In this post (and future posts) we will continue to look into questions our clients have asked about using Docker Enterprise that have prompted us to do some further research and/or investigation. Here we are going to look into the options for enabling secure communications with our applications running under Kubernetes container orchestration on a Docker Enterprise cluster.
LoadBalancer type of a service in Kubernetes is available if you are using one of the major public clouds, AWS, Azure or GCP, via their respective cloud provider implementations. An
Ingress resource is available on any Kubernetes cluster including both on-premises and in the cloud. Both
Ingress provide the capability to terminate SSL traffic. In this post will show how this is accomplished with an AWS
Create a Deployment
Let’s start by creating a deployment with two replicas of a pod with one container using the
nginx:1.15 image from Docker Hub. By default, an NGINX container listens on TCP port 80 (HTTP).
kind: Deployment apiVersion: apps/v1 metadata: name: kens-deployment spec: selector: matchLabels: app: kens-app replicas: 2 template: metadata: labels: app: kens-app spec: containers: - name: nginx image: nginx:1.15 ports: - containerPort: 80
To create the NGINX deployment, we just need to apply the above manifest.
ken$ kubectl apply -f kens-deployment.yml deployment.apps/kens-deployment created ken$ kubectl get all NAME READY STATUS RESTARTS AGE pod/kens-deployment-7ff87d5f69-5s22g 1/1 Running 0 6s pod/kens-deployment-7ff87d5f69-qlbzd 1/1 Running 0 6s NAME TYPE CLUSTER-IP EXTERNAL-IP PORT(S) AGE NAME DESIRED CURRENT UP-TO-DATE AVAILABLE AGE deployment.apps/kens-deployment 2 2 2 2 7s NAME DESIRED CURRENT READY AGE replicaset.apps/kens-deployment-7ff87d5f69 2 2 2 7s
Get a Certificate
SSL requires a certificate. Since we are using AWS, the certificate we use for this load balancer must exist in the AWS Certificate Manager. You can either request a certificate from AWS or you can import one from your preferred certificate authority (CA). In either case, you will need access to your DNS provider to validate the domain name(s) you use in the certificate. In this case we’ll import a wildcard certificate for *.lab.capstonec.net issued by GoDaddy. Make sure to request or import the certificate in the region your Docker Enterprise cluster resides. You will need the ARN for this certificate (see below) for the annotations metadata for the service you create. (For a list of all the AWS LoadBalancer annotations, see Cloud Providers – AWS in the Kubernetes documentation.)
Create an HTTPS Service
Next we will create a service that accepts HTTPS (TCP port 443) traffic on an AWS load balancer (ELB) and routes it using HTTP (TCP port 80) to a pod with a label of type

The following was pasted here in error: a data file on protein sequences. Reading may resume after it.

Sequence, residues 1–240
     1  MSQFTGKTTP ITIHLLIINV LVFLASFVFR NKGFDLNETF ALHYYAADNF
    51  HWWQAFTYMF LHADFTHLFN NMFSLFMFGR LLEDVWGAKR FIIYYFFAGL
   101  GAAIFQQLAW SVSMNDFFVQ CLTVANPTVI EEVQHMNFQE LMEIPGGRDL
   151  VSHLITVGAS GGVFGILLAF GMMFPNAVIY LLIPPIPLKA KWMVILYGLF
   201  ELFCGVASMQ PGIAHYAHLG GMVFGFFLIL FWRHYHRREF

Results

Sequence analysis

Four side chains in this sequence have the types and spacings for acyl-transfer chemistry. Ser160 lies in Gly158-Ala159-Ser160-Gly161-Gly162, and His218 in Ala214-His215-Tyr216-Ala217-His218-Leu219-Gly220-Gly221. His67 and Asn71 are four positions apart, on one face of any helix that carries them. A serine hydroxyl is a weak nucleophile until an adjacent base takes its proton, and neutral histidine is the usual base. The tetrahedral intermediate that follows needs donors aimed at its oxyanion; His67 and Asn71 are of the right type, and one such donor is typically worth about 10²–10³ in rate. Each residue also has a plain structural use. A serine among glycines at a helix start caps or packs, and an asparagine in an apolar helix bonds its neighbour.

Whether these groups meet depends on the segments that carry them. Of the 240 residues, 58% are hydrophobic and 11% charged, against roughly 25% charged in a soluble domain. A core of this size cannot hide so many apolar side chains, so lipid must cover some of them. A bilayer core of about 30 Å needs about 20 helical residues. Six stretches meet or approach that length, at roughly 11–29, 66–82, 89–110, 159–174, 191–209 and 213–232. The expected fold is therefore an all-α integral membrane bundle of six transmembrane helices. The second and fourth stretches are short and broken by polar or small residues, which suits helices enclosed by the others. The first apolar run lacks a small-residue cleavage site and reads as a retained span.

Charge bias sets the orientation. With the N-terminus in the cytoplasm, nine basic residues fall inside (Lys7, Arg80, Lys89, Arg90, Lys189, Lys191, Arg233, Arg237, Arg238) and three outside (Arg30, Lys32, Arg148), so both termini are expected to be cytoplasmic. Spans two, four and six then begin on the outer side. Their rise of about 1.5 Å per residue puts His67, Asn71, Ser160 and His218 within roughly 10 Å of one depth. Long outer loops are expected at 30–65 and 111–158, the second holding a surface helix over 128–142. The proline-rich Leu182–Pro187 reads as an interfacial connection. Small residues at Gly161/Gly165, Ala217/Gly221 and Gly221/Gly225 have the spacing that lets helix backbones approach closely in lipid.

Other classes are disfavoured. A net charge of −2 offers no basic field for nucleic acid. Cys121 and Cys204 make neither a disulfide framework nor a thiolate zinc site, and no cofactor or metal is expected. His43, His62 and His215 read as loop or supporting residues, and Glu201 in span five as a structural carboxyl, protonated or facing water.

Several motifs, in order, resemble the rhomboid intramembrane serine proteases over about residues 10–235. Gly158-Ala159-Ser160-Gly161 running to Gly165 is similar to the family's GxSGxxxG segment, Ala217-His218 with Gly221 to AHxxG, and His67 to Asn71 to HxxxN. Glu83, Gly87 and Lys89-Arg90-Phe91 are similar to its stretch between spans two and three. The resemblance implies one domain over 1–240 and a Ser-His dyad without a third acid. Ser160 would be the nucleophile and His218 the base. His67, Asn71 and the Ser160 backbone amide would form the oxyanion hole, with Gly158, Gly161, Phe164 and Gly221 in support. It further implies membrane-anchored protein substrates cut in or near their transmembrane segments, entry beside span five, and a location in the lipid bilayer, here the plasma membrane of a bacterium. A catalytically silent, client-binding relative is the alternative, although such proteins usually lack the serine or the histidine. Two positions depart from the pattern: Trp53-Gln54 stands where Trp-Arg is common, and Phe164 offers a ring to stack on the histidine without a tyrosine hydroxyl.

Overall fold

app and a value of
We are now ready to create the manifest for the NGINX service. We want our end users to access our NGINX deployment via HTTP and HTTPS so we need the load balancer to accept traffic on TCP ports 80 and 443. Our NGINX deployment accepts HTTP so we will need to terminate SSL at the load balancer and forward all of the backend traffic as HTTP to our pods.
kind: Service apiVersion: v1 metadata: name: kens-service annotations: service.beta.kubernetes.io/aws-load-balancer-ssl-ports: "443" service.beta.kubernetes.io/aws-load-balancer-ssl-cert: "arn:aws:acm:us-east-1:123456789012:certificate/0be2e3b9-bc43-4159-8369-d2de55d8ac43" service.beta.kubernetes.io/aws-load-balancer-backend-protocol: "http" spec: type: LoadBalancer selector: app: kens-app ports: - name: http protocol: TCP port: 80 targetPort: 80 - name: https protocol: TCP port: 443 targetPort: 80
To create our NGINX service, we just need to apply the manifest above. And, we will see our service along with the IP address of the service within the cluster and the DNS name (A record) of the public interface of the AWS ELB created.
ken$ kubectl apply -f kens-service.yml service/kens-service created ken$ kubectl get svc NAME TYPE CLUSTER-IP EXTERNAL-IP PORT(S) AGE kens-service LoadBalancer 10.96.234.74 a88dc79a7338a11e9bd4c0242ac11000-243518521.us-east-1.elb.amazonaws.com 80:33432/TCP,443:34074/TCP 3s
Add a DNS Entry
We want to access this service at https://ken-nginx.lab.capstonec.net so we will need to add a CNAME record to DNS that points to the DNS name supplied by AWS for the load balancer created. In order to keep your browser happy, the DNS name you use has to match the certificate you used. In this example, the wildcard certificate we used is for *.lab.capstonec.net which matches our DNS entry, ken-nginx.lab.capstonec.net.
Access Our HTTPS Service
Once we add the DNS entry, we can use our browser to access https://ken-nginx.lab.capstonec.net. You will notice the browser has made a secure connection and we’re getting to the default webpage of an NGINX container.
Issues with LoadBalancer
There are a couple of issues with this method. First, it’s only available on several public cloud providers today. It’s not available on-premises. Second, the annotations used for each cloud provider are different. As a result, this method is not portable between providers or between providers and on-premises. This also requires one load balancer per service which can become expensive from both a cost and a management perspective if you have a lot of services.
In this post we’ve looked at implementing SSL termination for an HTTP/HTTPS application using an AWS
LoadBalancer. Next time we will do the same thing with an Azure
LoadBalancer. And we’ll follow that with an
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